My nine year old daughter asked me, “Do boys like that?” pointing to a picture in a magazine she was reading while waiting to get her hair cut. I glanced down and it was a photo of a young girl in a short skirt being ogled at by a guy. I immediately thought the picture was borderline too sexy and felt guilty for not being more careful about what she was reading. I said, “You shouldn’t try to look or act like this to get attention.” I further explained my expectations about how girls should dress and what the appropriate age was to date. Watching her think about what I said, I hoped it would become a part of her conscience. She has a crush on a boy her age who lives on our street, so naturally she is figuring out what boys like. I see my daughter and this boy whispering and laughing together when all the children in our neighborhood are out playing. The mutual infatuation they share is sweet and pure and the boy’s parents and I muse about the prospects of a future budding romance. My husband hears about this crush and dreads my daughter’s dating future. It’s cruel revenge for a father to have daughters.
I’m encouraged that she got my message that day because she has many of my sensibilities. She’s cautious, observant, and not a thrill seeker. Given her personality and my husband’s and my involved parenting styles, I hope the values will protect her from the negative influences that lead some kids to experiment with drugs or premature sex, and that she’ll have good judgment about resisting peer pressure.
But I also won’t assume just because I see much of my personality in my daughter that she will think or act in the same way that I would. We are different people. She’s very outgoing and I’m not. She’ll smile at anyone and says “the best way get someone to smile is to smile first.” She also has a flare for the dramatic, which is a part of her temperament I really don’t understand. I’m puzzled as to her reactions when I tell her no. She sometimes will scream, “You’re ruining my life!” (yes, she’s only nine) And with that I leave the room and shake my head. I’m just not like that.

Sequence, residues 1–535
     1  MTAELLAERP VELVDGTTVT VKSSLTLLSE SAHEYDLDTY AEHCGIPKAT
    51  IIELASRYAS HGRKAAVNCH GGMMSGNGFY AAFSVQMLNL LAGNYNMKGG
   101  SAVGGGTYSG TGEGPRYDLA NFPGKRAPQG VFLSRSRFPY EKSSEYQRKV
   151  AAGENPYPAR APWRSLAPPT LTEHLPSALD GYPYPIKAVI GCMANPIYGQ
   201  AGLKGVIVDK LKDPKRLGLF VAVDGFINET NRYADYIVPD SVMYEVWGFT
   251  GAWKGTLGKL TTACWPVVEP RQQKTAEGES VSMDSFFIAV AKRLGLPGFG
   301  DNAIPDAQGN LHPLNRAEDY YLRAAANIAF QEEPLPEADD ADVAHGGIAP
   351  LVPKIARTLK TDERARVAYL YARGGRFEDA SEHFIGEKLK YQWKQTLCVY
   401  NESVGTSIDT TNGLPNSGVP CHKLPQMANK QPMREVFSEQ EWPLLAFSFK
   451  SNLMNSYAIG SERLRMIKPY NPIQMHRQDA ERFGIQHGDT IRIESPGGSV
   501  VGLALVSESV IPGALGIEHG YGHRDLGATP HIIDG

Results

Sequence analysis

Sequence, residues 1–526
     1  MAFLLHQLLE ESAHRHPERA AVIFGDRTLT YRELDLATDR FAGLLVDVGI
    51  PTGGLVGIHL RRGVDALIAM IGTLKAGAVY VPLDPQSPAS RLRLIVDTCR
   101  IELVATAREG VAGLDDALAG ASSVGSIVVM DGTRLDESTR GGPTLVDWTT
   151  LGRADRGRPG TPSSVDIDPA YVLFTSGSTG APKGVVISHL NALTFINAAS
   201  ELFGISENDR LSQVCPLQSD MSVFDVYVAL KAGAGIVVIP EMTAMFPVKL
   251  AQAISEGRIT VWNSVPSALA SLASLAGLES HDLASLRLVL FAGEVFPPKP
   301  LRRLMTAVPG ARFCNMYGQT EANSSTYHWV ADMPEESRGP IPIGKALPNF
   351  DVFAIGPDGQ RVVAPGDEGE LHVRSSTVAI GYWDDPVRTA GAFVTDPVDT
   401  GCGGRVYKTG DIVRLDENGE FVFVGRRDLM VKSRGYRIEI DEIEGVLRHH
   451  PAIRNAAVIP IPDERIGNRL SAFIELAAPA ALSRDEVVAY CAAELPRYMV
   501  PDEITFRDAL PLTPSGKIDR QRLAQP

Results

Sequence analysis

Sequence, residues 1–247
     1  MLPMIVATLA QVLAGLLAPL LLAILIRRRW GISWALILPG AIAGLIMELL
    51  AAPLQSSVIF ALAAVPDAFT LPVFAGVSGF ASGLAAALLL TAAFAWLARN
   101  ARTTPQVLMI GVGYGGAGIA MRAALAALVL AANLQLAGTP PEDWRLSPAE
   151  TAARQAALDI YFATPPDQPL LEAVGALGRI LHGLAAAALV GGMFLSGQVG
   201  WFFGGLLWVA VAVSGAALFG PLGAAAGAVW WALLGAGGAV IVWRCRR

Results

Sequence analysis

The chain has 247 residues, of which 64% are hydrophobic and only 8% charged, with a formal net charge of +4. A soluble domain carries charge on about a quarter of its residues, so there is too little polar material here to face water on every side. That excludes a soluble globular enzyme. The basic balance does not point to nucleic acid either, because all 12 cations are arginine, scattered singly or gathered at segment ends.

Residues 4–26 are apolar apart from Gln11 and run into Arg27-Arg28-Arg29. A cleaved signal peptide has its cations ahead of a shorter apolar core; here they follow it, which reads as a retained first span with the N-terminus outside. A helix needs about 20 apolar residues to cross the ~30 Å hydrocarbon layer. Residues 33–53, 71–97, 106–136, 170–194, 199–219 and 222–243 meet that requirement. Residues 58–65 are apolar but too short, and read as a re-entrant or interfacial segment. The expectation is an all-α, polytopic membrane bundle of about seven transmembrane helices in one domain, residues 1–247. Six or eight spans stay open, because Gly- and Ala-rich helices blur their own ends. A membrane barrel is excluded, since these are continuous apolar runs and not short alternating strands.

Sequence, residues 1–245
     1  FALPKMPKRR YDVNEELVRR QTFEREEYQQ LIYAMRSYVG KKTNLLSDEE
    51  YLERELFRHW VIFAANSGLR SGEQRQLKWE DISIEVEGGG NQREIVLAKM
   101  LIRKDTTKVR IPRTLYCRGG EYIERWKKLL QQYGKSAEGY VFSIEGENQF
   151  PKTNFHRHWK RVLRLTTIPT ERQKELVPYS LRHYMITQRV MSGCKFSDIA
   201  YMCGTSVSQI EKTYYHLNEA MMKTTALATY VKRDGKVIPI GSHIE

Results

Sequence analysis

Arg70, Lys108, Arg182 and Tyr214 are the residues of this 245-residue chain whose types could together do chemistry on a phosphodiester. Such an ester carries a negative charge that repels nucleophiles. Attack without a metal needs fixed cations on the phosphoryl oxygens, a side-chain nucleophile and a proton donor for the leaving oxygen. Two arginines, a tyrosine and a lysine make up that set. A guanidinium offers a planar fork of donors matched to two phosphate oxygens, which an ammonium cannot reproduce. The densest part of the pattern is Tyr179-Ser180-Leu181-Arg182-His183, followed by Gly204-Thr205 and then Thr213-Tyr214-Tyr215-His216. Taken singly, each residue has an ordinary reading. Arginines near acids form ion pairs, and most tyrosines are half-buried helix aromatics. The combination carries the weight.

She’ll also have many outside influences that will play a role in shaping her ideas. We hear all the time how girls are growing up too fast and how pop culture is the culprit in shaping unhealthy attitudes about sex and relationships in young people. It’s undeniable that porn has indirectly (or directly) influenced our culture making it customary to see provocative imagery everywhere. I sometimes think about how my dad had a hand in making these types of sexy images more readily acceptable given his pioneering work in the porn industry. And yes, this makes parenting more challenging, but with all these challenges there are opportunities. After all, would my daughter have asked the question about boys if the picture wasn’t there?
My parents may have not had to worry about what I watched on TV or read when I was younger but I don’t think this made it easier to raise me. I didn’t have talks with my parents about sex or relationships even though my dad was in the porn industry. There was an unspoken expectation about behaviors but I didn’t have influences like Katy Perry, Rihanna or Ke$ha to inspire as many questions about sexuality.
So while many believe the existence of pornography is to blame for the problems of today’s youth, I don’t feel contempt or outrage for the way our culture has been influenced by porn. I feel grateful that today we talk more openly with our children about sensitive issues and that we are forced to be more vigilant and discuss what was once taboo topics.
Ultimately I don’t believe the images or advice dished out in fashion magazines or anywhere else will ultimately dictate my daughter’s ideas and perceptions. I will be the one to do that. That’s my job as a parent. My involvement in my daughter’s life will be more effective than censorship. I’ll never stop being involved in shaping her thoughts about boys, sex, dating or anything else.